One concern I frequently encounter, and a commenter on this blog mentioned again yesterday, is that some message boards reflect a certain personality and people wonder if the board’s posters are a reflection of passengers on board. My answer is emphatically: NO.
There is a very interesting dynamic. Taking any cruise line, message board posters (those that have at least one post) represent a very small (less than 5%) portion of the cruising public. Of that small group, probably only 10% are “regular” posters. Most posters are intimidated in some fashion, however, so they don’t post regularly and are very carefully worded as to what and how they post. Be it they are uneasy about asking questions in a public forum, or they don’t want to appear ignorant, or they don’t want to be “flamed”, or they just feel like they are not “part of the crowd”, these “lurkers” actually make up the vast majority of those that frequent message boards.
If you then look at the topics being posted…and then what they can devolve into…you actually find that it can be an adult version of My Space or Facebook. Most posts somehow are related to socializing either onboard or pre-cruise. A person asking about some aspect of a ship finds “her” thread has turned into a discussion of whether laundry soap is free and how someone met a wonderful woman while ironing her clothes. There is, of course, nothing wrong with that and it actually can be quite enjoyable for those who are involved in the socialization; though extremely frustrating for the person looking for information.
While I generally skip over the 20 page thread “November 24 Cruise on Ship Z” (while they discuss shoes, whose dog was put to sleep, the cardinal they saw last year or the best fried stuffed peppers in Arizona – all true discussions BTW) because they simply are of no interest to me, it does leave many wondering, “Is this what it is going to be like on my cruise? Do I want to be hanging around with some lady that Bedazzles everything she owns with rhinestones?”
This concern becomes exacerbated when looking at luxury cruise lines such as Seabourn, Silversea and Regent. This is because there are very few viable message boards for these lines. What then happens is that a group sort of takes over the one or two viable boards and from the outside it becomes disconcerting…especially because the ships are so small.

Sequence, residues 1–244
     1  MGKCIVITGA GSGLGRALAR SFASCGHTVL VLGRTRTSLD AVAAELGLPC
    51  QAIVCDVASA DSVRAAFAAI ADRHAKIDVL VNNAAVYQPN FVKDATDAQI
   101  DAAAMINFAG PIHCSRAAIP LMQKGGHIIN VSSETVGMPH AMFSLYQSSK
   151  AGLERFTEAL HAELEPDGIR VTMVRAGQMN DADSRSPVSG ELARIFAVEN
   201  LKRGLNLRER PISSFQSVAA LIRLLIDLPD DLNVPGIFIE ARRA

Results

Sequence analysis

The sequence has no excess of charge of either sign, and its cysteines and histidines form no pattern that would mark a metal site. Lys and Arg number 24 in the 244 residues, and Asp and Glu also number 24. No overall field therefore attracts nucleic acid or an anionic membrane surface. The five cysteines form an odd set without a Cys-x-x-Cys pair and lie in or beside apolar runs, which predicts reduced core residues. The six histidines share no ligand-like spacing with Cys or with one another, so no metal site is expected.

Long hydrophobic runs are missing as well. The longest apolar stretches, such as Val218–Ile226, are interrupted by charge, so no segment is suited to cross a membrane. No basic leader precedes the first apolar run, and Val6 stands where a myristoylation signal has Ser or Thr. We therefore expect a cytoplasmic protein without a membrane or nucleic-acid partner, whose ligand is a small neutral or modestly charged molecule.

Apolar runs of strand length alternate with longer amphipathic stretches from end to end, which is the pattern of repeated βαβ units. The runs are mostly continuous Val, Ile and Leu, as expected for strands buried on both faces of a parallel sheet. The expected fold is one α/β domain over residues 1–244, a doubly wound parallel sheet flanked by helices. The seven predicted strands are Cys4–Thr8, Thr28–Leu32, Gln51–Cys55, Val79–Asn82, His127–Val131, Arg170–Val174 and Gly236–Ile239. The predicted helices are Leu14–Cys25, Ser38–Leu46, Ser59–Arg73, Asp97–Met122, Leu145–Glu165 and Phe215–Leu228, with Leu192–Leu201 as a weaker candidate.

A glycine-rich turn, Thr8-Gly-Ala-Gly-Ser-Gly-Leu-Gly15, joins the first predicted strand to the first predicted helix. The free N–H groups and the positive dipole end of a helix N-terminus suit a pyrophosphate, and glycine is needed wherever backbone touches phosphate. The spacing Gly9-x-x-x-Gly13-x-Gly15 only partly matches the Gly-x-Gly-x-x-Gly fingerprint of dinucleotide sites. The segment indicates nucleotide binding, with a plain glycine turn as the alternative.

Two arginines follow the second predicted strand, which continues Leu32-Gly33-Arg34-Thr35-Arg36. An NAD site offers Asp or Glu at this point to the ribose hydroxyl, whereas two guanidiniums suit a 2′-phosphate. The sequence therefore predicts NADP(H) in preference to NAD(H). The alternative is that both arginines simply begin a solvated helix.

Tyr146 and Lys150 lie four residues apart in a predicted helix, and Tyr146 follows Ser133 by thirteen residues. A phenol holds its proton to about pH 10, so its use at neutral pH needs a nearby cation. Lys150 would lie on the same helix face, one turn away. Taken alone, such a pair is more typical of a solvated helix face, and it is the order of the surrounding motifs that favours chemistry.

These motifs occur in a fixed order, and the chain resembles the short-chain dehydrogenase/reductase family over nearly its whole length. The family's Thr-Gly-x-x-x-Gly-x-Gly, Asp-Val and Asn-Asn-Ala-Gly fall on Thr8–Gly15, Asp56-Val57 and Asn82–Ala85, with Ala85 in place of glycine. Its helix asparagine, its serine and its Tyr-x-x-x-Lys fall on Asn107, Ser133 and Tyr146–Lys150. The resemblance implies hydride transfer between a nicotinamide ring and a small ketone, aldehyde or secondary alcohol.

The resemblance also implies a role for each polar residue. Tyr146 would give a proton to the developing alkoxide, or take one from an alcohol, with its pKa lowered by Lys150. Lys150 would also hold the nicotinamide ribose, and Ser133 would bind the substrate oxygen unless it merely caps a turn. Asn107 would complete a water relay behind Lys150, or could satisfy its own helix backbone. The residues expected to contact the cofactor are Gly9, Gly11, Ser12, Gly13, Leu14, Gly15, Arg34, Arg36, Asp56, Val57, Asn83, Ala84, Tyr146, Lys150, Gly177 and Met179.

Now is the time to take a breath and have a reality check. Let’s do some math. As an example, on the Cruise Critic Seabourn board.
1. There are maybe fifty people that post with any regularity. One cruise holds 208 guests x 3 ships = 624 guests per week x 52 weeks = 32,448 guests weeks per year. If the 50 posters cruise an average of 3 weeks a year, that is 150 guest weeks out of 32,448, or .46%. That is less an 1/2 of 1 percent!
2. Of those 50 posters probably 20 of them have either had their posts pulled for criticizing the cliquishness or impropriety of some of the other posters…or worse.
3. Remember that many more lurk than post because they are intimidated for one reason or another.
4. Ergo, there are hugely more message board visitors that do not engage in the cliquish behavior than posters that do…So there are more who use the message boards that are not cliquish and do not like that sort of behavior.
Now let’s consider another point: Most ships are fairly large and those that aren’t have multiple venues. This allows differing personalities to find their own space; whether it be in a particular lounge or a portion of the dining room or on deck. Avoiding boorish people is actually as easy to do as “Let’s just sit over there.”
But the reality of it is, we all cruise in part because we love to meet people and have made some lifelong friends as a result. That is the reality; which is so much more obvious than the mini-cyberworld of message boards.
A final two points:
1. I had my own taste of cyberbullying back in 2003. There was a clique that had overrun the Cruise Critic Regent (then Radisson) message board. It got so bad that Cruise Critic actually prohibited them from using abbreviations for their cruises (such as MUSH for an Alaska cruise) because it was so exclusionary and they all used the same travel agent. The travel agent started up her own message board which still exists and is in huge part nothing more than a social networking/travel agent marketing site (which is absolutely fine). However, in that site’s infancy, this clique used the message board to literally scheme how they were going to ruin my cruise (since they were on the same one). REALITY CHECK: This seemingly intimidating group was actually a very small group of rather ordinary people (at best) that you almost had to seek out to know they were on the same 350 passenger ship. For me it was sort of pathetic letdown as this small group of wannabes was so different than their message board personas.
2. I “knew” someone from a message board, but didn’t know what he looked like or what his real name was. He is the type that posts silly answers to silly questions poking fun – and probably offending some – whenever possible. Some years ago we wound up on the same cruise by happenstance. Although we didn’t know each other by name or face, we knew instantly when we ran into each other. We remain friends to this day and they visit us at our home a couple of times a year. As I said, the socialization aspect of message boards is not always a bad thing.
So don’t worry about the person who demands the right to smoke or the big sail-away party (that usually fizzles) or being dragged into a tour that you don’t want to go on (and usually fizzles as well). The reality is, large ship or small, there are people you will like and people you won’t. The fact that a few post on message boards really isn’t going to affect your cruise.